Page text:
From the analysis of sources on the topic, the following conclusions can be drawn:
1, the only authoritative source that reports the "Kyiv prince" Theodor, is the "Tale of Vasily Kalika," written shortly after the events themselves, roughly in the 1330s. Despite the fact that it came to us in relatively late copies, its authenticity is beyond doubt.
2, "Beneshevich’s Excerpts", mentioning some Theodor, do not call him a prince and do not associate with Kyiv. This is another person who has nothing to do with Theodor from the "Tale of Vasily Kalika". The time and circumstances of the origin of the "Excerpts" have not been clarified, this issue requires further study.
3, the mention of the Gustynja Chronicle under the 1361 – 1362 years about the "prince Theodor" is the result of an unsuccessful combination of the author GL, made on the basis of the "Tale of Vasily Kalika" (through the Nikon chronicle), the "Tale of Podillja Land" (through a "Lithuanian" chronicle, presumably Lit5L) and "Descriptions of European Sarmatia" by A. Gwagnini. They have no independent source value, but only show (along with other combinations of the author of the annals) the level of the Kyiv historiography of the early 17th century.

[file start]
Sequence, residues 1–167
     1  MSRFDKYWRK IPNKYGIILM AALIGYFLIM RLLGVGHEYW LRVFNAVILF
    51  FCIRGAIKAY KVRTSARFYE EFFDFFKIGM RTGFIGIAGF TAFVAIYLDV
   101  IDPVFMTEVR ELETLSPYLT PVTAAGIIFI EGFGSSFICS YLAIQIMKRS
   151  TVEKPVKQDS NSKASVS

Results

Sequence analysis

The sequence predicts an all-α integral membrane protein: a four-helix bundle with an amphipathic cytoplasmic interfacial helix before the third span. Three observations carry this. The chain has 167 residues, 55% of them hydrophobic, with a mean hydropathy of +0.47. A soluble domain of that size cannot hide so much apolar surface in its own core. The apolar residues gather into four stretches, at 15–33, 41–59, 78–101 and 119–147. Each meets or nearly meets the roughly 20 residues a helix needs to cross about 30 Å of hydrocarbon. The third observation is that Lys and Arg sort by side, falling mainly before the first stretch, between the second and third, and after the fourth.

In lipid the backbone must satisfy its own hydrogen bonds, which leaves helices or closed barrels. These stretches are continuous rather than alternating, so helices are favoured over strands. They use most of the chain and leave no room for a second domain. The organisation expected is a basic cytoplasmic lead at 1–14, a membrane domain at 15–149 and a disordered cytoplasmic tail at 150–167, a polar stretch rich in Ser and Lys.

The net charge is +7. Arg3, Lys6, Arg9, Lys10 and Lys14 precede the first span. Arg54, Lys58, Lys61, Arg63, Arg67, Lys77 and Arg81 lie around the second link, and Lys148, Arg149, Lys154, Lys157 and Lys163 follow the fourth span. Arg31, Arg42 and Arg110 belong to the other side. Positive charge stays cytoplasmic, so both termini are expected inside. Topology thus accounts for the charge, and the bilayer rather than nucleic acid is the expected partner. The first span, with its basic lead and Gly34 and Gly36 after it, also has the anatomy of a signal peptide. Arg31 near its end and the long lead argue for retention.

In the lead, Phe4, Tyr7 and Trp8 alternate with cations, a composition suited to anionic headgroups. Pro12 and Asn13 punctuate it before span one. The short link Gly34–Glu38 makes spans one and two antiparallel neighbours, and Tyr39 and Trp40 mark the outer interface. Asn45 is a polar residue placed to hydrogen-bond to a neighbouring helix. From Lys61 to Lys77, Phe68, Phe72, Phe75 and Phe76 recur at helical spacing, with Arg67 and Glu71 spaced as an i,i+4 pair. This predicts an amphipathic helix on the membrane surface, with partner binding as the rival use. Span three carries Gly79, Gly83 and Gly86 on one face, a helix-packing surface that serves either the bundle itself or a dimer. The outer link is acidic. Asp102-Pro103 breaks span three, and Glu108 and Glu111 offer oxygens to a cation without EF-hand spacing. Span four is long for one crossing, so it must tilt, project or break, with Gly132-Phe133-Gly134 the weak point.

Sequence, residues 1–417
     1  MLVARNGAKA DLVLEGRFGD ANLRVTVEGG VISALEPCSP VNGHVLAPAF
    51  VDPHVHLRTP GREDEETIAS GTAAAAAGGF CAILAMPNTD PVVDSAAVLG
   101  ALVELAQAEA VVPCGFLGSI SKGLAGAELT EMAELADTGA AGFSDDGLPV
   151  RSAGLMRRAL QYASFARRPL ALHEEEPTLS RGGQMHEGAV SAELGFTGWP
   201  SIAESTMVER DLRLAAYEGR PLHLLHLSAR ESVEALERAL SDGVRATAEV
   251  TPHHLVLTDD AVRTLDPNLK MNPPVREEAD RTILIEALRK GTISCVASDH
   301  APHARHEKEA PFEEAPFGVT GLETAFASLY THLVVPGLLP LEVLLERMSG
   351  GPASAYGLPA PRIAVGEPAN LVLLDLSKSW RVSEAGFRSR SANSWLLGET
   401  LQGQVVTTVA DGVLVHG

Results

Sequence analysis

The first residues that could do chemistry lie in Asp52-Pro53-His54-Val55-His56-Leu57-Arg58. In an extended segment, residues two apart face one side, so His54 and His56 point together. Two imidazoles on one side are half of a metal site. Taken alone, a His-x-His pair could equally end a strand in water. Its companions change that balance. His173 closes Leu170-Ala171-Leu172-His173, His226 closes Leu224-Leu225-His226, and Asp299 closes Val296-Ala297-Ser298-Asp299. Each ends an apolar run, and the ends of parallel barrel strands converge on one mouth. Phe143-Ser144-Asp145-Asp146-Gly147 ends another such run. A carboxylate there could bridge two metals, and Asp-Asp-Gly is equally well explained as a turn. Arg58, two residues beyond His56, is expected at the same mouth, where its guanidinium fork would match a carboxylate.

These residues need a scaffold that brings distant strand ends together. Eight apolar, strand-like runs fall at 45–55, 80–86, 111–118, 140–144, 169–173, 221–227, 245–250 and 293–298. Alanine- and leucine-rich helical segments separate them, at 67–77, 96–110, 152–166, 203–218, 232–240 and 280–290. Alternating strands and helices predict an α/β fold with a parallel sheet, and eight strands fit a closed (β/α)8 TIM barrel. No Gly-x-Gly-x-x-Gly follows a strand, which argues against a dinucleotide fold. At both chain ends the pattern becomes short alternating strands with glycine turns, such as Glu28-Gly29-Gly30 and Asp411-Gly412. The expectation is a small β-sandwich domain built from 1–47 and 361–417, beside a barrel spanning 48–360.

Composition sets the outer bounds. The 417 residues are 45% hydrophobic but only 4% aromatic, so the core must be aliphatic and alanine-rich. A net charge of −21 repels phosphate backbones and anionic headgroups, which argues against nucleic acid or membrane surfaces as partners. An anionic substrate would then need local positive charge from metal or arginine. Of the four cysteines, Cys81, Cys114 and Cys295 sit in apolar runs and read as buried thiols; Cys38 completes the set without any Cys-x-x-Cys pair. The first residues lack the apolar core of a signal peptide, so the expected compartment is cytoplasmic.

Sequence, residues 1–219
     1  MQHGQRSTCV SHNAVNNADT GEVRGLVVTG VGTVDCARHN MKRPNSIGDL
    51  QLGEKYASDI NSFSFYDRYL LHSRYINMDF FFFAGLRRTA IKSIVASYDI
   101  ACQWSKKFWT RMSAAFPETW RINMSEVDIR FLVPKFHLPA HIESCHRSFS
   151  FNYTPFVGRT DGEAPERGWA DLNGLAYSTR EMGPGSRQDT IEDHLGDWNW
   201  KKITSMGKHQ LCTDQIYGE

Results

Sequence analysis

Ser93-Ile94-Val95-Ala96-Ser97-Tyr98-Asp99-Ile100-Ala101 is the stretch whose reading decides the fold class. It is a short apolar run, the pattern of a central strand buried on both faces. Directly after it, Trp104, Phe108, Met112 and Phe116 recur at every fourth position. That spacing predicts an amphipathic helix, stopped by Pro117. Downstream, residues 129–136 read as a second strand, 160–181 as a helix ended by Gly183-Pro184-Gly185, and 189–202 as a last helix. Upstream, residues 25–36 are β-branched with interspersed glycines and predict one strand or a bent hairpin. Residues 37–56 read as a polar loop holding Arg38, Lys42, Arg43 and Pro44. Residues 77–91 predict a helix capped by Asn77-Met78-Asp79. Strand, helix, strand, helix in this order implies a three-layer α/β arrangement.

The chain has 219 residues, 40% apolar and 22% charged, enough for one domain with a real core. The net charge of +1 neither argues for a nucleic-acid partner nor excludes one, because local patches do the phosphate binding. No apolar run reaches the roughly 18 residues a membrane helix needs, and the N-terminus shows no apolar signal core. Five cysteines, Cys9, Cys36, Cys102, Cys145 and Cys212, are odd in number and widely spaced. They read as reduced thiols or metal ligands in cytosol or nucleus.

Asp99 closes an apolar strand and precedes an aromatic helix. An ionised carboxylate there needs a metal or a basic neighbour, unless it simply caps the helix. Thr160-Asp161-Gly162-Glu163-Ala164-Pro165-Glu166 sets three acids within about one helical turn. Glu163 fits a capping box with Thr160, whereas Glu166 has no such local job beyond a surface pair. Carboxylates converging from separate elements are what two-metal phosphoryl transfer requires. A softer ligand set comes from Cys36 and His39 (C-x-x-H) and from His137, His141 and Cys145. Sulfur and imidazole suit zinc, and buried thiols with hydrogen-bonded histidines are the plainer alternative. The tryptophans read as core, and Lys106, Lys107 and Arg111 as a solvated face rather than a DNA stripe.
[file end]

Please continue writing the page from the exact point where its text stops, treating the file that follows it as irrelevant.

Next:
I call Feodor ephemeral prince, because we are only talking about him, but we do not know when or how he became a "prince", nor his other deeds, nor his end. From the fact that the news of 1331 was the only one, one might think that his "reign" was not long and the territory of his "power" was not extensive. With a detachment of 50 people, even in the 14th century. you will not get much.
Of course, Theodor was neither the first nor the last among such self-proclaimed princes atamans on our lands. We have enough of them, even more than the "real" dynastic princes. I plan to trace several stories of such a rise "from the dirt and into the princes", but this is the topic of the following articles.